The shortlisted titles are:
- Battarbee and Namatjira, Martin Edmond (Giramondo)
- Comrade Ambassador: Whitlam’s Beijing Envoy, Stephen FitzGerald (Melbourne University Publishing)
- Thea Astley: Inventing Her Own Weather, Karen Lamb (University of Queensland Press)
- Mannix, Brenda Niall (Text Publishing)
- Bearing Witness: The Remarkable Life of Charles Bean, Australia’s greatest war correspondent, Peter Rees (Allen & Unwin)
- Reckoning: A Memoir, Magda Szubanski (Text Publishing)
“If it can be said of biography that it’s mostly about dead white males well then, consider our shortlist – they’re not all dead, they’re not all white and they’re not all male,” said Chair of the judging panel, Dr Peter Cochrane. Although, to be accurate, I think he should have made it clearer that the subjects are mostly dead, mostly white and mostly male. Oh well, half of the authors are women – that’s a step forward.
With the 2016 award attracting a record number of entries, Dr Cochrane also commented that the judges were “impressed and dazzled by the quality and range of entries, confirming that biography is alive and well in Australia and the genre is thriving.”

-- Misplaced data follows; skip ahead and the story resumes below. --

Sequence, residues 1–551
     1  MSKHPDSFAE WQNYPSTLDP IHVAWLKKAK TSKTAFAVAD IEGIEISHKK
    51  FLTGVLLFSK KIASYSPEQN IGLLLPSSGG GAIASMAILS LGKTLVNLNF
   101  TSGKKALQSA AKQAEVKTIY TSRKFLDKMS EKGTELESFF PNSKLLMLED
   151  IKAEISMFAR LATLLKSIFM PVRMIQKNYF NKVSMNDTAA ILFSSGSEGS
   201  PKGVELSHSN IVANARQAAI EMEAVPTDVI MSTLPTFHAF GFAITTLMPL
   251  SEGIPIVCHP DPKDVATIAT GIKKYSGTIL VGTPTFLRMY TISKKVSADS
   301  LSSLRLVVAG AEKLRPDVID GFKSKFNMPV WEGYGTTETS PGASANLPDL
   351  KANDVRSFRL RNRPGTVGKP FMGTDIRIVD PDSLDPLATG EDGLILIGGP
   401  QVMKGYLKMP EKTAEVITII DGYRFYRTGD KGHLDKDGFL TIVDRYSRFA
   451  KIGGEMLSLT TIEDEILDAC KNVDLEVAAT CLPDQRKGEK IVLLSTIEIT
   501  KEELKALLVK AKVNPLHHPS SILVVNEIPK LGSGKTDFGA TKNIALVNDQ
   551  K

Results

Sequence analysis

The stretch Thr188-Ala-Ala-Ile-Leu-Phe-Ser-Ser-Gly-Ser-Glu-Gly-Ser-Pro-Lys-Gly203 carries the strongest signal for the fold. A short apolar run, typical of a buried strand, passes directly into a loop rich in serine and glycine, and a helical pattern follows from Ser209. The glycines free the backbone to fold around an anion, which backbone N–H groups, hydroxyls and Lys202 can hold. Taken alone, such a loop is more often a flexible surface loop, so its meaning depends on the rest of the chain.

The Sydney Morning Herald has an interesting interview with Dr Cochrane, which outlines the judging process:
As chairman of the judging panel for the National Biography Prize, Cochrane and his fellow judges, critic Rosemary Sorensen and historian Richard White, read 110 entries. They included 15 biographies of artists and writers, 11 of politicians, eight about migrants and refugees (three of them African), seven military subjects, and 15 he defined as “misery lit or inspirational memoir”.
A total of $31,000 will be awarded with the winner of the Award receiving $25,000 and each shortlisted author receiving $1,000 in recognition of their achievement.
The winner will be announced on Monday 8 August at 11am at a special free event at the State Library of NSW.